- Driver-assist features have been available for 50 years
- Autonomous (self-driving) cars are advancing all the time
- The main difference is the level of driver control
Driver-assist systems have been available for decades, helping motorists stay safe on the roads. The next step is autonomous (or self-driving) cars, which take control completely out of human hands.
But how close are we to completely autonomous vehicles, and what are the differences between the self-driving cars being tested and the technologically advanced cars that are already available to consumers? Simon (@sheptinstall) breaks it down with the key statistics.
What is a driver-assist car?
Many of the cars currently on the road have automatic or intelligent features that assist drivers on the road.
These features are designed to improve safety and help motorists to make the right decisions. If you don't own a classic model, your car will probably have at least one driver-assist feature.
If not, you can install additional driver-assist features in most cars – the added advantage of this being that, by improving your car's safety, you can also reduce the cost of car insurance.
The first driver-assist systems in cars included cruise control, dipping mirrors and climate control. In fact, the first cruise control system was offered half a century ago – on the 1958 Chrysler Imperial.
Since then, we've seen automatic dipping lights, rain-sensing wipers, stop-start mechanisms, adaptive suspension and automatic emergency braking systems become commonplace. Now self-parking, lane-recognition and adaptive cruise control are accepted features on many new vehicles.
What is a self-driving car?
Scientists and carmakers are working towards vehicles that will require no input at all from the humans inside.
In 2009, Waymo, part of Google, began testing and perfecting the self-driving car. In that short time, the company has developed self-driving vehicles that have covered almost two million miles.
Currently, Waymo's cars are driving on public streets with a test driver in the front seat. The driver is there to monitor the vehicle and report back, but also acts as a failsafe. In general, the tests have been a success so far – so don't be too surprised if you see a self-driving car showroom opening up in the near future.
When can I buy a self-driving car?
The technology to ensure that self-driving cars are safe enough to go on the open market is still a few years away.
Manufacturers such as Volvo and Kia are testing 'self-driving vehicles', but, like Waymo, these usually still require the presence of a driver in case of emergencies – and are some way from passing all the government safety tests.
The first driverless car tested on the UK roads travelled at only 15mph and had a driver on hand in case anything went wrong – that was in October last year. In February, however, Tesla announced it had sold 200 of its latest self-driving cars to Dubai. The cars will operate as taxis in the wealthy, high-tech city from 2020. Even then, the cars will have a human driver ready at the wheel at all times.
The big difference between assisted driving and complete self-driving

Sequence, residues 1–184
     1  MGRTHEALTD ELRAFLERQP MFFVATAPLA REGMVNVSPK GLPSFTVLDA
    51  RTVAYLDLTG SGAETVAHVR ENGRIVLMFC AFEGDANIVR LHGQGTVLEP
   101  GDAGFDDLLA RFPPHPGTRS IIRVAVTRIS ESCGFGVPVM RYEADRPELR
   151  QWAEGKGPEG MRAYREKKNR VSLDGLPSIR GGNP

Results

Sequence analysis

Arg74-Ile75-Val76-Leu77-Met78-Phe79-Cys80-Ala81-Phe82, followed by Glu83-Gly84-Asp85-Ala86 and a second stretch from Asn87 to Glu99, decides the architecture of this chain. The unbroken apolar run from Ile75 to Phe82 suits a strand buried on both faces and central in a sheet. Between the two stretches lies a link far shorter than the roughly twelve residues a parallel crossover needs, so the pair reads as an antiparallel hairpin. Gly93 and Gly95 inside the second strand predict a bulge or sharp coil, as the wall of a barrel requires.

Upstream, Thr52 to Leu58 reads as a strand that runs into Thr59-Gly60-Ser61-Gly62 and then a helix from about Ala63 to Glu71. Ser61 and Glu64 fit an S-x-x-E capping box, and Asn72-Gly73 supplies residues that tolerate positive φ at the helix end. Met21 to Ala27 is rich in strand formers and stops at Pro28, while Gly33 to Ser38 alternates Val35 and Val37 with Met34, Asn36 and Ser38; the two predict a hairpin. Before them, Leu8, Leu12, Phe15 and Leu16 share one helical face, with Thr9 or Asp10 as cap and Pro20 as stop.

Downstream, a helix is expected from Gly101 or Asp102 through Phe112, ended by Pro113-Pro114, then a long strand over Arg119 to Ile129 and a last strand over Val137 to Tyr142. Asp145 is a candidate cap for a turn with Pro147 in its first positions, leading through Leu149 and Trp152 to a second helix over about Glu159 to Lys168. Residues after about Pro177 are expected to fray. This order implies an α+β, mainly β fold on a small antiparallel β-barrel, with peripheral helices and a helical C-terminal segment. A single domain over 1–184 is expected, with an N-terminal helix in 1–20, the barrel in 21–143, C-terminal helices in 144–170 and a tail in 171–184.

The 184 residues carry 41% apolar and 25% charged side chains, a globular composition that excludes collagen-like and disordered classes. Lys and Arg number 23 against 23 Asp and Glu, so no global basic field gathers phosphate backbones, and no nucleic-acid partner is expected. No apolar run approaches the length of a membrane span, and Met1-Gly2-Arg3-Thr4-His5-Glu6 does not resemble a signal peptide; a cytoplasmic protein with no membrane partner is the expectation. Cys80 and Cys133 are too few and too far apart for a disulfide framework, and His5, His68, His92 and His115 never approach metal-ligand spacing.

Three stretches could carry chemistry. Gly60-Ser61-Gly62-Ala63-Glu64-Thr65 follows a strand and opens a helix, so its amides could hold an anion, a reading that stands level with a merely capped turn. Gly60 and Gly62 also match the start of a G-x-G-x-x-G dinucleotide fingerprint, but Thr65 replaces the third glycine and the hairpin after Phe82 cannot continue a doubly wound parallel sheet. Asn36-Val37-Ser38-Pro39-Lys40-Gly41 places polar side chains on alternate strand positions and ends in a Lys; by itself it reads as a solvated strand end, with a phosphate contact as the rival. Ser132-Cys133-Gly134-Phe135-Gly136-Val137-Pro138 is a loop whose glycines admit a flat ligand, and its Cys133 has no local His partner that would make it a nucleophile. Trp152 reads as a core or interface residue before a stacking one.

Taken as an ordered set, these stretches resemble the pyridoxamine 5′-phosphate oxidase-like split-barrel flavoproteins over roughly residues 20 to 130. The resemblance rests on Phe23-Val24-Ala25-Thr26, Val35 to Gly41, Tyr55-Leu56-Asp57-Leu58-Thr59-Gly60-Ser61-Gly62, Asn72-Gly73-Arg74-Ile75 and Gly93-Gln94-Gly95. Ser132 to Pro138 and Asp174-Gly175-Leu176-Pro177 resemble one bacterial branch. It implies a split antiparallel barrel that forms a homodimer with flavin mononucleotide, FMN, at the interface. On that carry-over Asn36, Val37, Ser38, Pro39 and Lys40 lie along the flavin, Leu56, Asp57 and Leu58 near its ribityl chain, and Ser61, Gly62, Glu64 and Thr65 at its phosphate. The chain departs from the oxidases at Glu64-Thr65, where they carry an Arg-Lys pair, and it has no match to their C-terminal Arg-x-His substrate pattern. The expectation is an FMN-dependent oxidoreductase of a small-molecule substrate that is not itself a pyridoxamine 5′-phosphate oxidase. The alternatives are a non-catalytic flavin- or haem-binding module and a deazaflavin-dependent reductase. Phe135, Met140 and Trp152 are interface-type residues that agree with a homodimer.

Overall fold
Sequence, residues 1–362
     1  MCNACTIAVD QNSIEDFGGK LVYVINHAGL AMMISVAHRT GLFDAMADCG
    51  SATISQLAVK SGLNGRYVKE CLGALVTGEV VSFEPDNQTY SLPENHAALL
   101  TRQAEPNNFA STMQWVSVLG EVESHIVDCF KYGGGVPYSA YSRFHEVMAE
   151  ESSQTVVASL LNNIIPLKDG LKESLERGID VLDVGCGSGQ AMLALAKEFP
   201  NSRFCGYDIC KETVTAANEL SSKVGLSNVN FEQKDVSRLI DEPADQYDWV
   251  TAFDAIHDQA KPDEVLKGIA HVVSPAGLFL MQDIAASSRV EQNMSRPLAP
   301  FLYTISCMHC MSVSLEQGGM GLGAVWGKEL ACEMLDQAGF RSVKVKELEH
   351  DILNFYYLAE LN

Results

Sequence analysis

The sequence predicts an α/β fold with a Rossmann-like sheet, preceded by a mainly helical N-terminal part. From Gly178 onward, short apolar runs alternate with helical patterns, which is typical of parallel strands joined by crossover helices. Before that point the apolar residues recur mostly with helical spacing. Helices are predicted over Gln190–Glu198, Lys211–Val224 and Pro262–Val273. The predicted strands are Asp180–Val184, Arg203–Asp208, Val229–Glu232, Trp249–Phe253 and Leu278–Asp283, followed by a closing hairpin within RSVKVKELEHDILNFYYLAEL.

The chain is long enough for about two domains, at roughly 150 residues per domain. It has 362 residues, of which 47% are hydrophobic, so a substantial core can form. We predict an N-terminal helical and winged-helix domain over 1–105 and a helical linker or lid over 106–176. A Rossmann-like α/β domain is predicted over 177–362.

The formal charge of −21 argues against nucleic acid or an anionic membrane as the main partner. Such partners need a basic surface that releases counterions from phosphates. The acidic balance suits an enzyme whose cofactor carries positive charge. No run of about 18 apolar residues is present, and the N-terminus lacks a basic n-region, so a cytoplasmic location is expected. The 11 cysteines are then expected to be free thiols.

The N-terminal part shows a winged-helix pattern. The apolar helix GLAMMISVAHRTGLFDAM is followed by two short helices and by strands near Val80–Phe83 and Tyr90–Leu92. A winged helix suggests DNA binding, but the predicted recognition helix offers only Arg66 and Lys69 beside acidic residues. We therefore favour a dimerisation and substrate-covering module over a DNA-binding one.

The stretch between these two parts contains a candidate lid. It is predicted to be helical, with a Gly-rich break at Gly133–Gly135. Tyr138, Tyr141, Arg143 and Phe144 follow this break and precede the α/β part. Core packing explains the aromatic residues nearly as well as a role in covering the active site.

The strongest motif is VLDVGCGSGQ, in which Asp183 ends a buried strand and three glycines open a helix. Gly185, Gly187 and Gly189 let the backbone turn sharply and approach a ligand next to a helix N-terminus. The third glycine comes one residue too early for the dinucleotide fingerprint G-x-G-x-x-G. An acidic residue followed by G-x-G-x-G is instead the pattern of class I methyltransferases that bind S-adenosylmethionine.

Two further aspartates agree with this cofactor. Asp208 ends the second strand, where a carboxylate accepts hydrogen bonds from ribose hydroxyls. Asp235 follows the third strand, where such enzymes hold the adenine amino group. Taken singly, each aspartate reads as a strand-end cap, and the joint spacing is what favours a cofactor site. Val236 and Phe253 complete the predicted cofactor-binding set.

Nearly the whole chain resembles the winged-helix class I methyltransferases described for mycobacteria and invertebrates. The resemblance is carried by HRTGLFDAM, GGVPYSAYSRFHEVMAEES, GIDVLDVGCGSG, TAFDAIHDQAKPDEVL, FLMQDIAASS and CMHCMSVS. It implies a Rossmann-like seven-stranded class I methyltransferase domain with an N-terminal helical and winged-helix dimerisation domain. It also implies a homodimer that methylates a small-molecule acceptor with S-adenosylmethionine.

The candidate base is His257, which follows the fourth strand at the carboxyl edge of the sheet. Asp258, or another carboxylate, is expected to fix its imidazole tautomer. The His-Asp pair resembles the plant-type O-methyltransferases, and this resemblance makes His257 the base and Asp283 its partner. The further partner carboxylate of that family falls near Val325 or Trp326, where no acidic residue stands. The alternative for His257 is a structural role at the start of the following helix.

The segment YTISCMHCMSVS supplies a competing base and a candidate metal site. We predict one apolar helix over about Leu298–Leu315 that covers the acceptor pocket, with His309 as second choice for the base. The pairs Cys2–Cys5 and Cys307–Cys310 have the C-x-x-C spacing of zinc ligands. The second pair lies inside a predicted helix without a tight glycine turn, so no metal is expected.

It could be argued that, like self-driving technology, driver-assist takes partial control of your car – even though it's only for a short time. For example, the Intelligent Parking Assist System requires constant input from the driver to control acceleration and braking, but turns the wheel automatically.
However, it's the level of control that is all important. Although they're close, there are no cars technologically advanced enough to deal with every possibility drivers encounter on the roads. Self-driving cars always require a human failsafe, who can take control of the wheel if the car makes a mistake.
The problems arise with unexpected events during a journey. Imagine a construction zone that forces you to drive on to the wrong side of the road to get past, or a policeman waving you through a red light because of a fault. What about pulling over onto the pavement to let an ambulance get by? For a human, these are easy decisions to make, but for a computer it's much harder to override the normal rules of the road.
And what about spotting a sheet of ice, negotiating temporary makeshift road signs or reacting to a patch of broken glass in the road? The technology of a self-driving car needs to be so intelligent, it makes us realise what good drivers we humans already are.
When will self-driving cars be safe on our roads?
Testing is going on in many countries around the world, including real-world usage in cities such as Stockholm and Los Angeles. Manufacturers are claiming lots of positive results, although a few mishaps have been reported too.
Waymo, whose test drivers only had to take control of their self-driving cars 124 times in almost 635,868 miles last year, has carried out the most successful tests. But no authority is going to allow completely autonomous self-driving cars on their roads until the drivers never have to retake control.
Although self-driving cars are still some years off, the driver-assist technology that helps motorists stay safe on the road is very much available. It's even worth considering adding some of these features to your own car; they could help you avoid accidents, manage tricky manoeuvres and even reduce the cost of your insurance.